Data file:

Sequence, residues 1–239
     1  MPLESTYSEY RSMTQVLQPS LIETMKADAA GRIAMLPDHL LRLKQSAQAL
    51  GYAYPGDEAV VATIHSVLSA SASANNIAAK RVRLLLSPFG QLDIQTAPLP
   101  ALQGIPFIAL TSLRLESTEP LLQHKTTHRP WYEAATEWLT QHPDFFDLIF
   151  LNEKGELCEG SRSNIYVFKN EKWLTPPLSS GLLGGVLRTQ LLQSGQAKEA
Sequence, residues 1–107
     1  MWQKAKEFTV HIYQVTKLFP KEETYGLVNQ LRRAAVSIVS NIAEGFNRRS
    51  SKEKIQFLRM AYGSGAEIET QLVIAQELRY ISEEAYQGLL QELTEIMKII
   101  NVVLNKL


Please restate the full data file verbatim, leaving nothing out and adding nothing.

Sequence, residues 1–239
     1  MPLESTYSEY RSMTQVLQPS LIETMKADAA GRIAMLPDHL LRLKQSAQAL
    51  GYAYPGDEAV VATIHSVLSA SASANNIAAK RVRLLLSPFG QLDIQTAPLP
   101  ALQGIPFIAL TSLRLESTEP LLQHKTTHRP WYEAATEWLT QHPDFFDLIF
   151  LNEKGELCEG SRSNIYVFKN EKWLTPPLSS GLLGGVLRTQ LLQSGQAKEA
Sequence, residues 1–107
     1  MWQKAKEFTV HIYQVTKLFP KEETYGLVNQ LRRAAVSIVS NIAEGFNRRS
    51  SKEKIQFLRM AYGSGAEIET QLVIAQELRY ISEEAYQGLL QELTEIMKII
   101  NVVLNKL